If your child has been diagnosed with a congenital heart disease (CHD), a heart defect present at birth, your child’s care team will evaluate a range of treatment options. The same holds true if you’re an adult who has grown up with CHD or who has only recently been diagnosed. Treatment options vary greatly depending on the type and severity of the heart defect.
A heart defect is the most common form of birth defect. Many heart defects can be treated to allow for a high quality of life. In fact, most CHD patients now survive into adulthood. According to the Centers for Disease Control and Prevention (CDC), about 1 million U.S. children and 1.4 million U.S. adults were living with CHD in 2010.1 One million adults in the U.S. are now living as survivors of CHD. Now, there are actually more adults living with CHD that were born with it than there are children with CHD.
Not all CHD requires treatment. For those defects that do need to be treated, options for treatment generally consist of some combination of the following:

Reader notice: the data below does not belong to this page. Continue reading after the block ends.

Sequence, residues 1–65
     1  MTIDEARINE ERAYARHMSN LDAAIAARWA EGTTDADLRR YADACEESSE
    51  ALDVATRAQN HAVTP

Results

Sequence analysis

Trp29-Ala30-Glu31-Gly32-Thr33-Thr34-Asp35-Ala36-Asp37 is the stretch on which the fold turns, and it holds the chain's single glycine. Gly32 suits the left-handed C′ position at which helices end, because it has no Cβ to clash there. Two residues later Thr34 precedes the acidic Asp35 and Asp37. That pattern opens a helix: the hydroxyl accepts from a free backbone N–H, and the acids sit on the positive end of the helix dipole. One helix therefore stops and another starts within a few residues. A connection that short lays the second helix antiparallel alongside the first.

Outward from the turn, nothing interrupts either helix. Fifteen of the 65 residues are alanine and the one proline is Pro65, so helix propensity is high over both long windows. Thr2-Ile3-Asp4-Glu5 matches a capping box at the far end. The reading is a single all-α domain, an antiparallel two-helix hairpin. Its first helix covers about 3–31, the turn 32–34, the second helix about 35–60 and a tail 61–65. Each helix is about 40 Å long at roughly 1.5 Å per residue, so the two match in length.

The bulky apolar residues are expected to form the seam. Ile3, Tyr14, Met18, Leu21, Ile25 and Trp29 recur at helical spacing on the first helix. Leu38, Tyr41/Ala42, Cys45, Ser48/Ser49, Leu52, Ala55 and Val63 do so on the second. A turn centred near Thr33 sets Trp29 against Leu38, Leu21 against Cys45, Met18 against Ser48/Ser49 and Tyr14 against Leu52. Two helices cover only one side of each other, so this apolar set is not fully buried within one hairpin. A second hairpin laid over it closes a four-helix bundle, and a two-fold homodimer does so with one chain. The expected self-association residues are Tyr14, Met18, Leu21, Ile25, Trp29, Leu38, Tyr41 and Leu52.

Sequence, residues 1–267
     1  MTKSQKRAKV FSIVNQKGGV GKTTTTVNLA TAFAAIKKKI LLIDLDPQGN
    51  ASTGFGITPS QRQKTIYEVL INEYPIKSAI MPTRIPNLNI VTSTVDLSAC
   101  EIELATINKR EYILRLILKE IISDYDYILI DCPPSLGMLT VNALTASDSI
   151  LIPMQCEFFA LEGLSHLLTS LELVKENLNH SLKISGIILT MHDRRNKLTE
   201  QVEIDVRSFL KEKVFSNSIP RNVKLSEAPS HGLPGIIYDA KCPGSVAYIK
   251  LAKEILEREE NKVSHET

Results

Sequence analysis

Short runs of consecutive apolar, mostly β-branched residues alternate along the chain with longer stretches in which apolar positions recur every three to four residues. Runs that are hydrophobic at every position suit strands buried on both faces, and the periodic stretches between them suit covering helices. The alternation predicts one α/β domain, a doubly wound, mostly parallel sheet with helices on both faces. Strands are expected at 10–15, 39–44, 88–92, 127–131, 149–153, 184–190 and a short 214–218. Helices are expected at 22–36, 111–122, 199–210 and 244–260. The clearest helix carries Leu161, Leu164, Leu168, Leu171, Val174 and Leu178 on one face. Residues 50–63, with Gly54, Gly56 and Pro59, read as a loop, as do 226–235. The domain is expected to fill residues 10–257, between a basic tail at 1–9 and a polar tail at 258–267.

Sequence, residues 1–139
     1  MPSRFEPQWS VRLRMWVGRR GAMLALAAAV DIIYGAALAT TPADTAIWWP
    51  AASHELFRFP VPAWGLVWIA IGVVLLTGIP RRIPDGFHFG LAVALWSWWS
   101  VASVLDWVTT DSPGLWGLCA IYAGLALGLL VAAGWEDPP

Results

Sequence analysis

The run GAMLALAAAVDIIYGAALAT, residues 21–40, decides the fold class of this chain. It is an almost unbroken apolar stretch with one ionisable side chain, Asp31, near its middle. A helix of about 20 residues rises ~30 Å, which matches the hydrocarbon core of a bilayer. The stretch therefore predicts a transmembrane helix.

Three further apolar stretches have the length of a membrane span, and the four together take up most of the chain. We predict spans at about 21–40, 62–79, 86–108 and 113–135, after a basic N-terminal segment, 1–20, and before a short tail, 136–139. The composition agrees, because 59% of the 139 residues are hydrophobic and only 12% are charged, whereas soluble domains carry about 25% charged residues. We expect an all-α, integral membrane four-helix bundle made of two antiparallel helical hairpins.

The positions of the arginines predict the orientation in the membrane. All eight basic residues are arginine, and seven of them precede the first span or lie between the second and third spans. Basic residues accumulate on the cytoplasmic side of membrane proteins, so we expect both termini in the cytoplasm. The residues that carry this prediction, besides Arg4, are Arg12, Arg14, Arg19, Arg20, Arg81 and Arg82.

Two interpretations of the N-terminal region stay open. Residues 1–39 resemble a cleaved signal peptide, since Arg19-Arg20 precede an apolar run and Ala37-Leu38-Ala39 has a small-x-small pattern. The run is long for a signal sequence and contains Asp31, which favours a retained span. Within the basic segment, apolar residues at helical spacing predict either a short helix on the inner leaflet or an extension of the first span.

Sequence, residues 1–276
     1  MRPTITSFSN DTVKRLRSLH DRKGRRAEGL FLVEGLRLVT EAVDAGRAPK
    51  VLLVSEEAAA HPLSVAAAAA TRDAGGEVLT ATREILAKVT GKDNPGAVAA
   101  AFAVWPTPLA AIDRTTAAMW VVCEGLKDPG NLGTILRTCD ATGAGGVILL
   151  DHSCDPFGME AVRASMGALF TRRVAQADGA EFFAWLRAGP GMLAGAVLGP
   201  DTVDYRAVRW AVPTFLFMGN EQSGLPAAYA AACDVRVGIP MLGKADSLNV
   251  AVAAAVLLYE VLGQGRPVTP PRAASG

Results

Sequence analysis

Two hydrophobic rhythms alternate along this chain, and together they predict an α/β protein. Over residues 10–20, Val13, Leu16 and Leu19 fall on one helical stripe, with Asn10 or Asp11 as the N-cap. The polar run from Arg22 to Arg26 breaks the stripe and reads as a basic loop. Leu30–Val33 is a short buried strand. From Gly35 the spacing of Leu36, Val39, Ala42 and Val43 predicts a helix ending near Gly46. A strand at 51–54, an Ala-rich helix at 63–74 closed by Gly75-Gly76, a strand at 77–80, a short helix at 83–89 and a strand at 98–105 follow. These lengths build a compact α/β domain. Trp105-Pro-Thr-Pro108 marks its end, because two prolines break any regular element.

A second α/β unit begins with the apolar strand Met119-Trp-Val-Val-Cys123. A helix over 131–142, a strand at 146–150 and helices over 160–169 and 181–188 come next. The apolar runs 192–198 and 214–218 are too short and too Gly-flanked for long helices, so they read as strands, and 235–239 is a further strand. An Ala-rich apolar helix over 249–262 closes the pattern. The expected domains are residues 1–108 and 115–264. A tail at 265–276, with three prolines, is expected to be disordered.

- Medications – People of all ages with CHD, whether the disease is present at birth or acquired later, are often treated with medication.
- Interventional procedures – In the past 25 or so years, the treatment of CHD has been revolutionized by the introduction of less-invasive procedures.
- Surgery and hybrid procedures – Sometimes, open-heart surgery is necessary to repair a child’s heart. Repairs may be made in a single surgical procedure or in a series of operations. Sometimes, a combination of surgery and hybrid procedures is used to address a heart problem.
Every CHD patient is different, and treatment is individualized for each patient.
Children's Heart Health
Information for parents of children with pediatric heart conditions. Read more about conditions, tests, and treatments for congenital heart disease.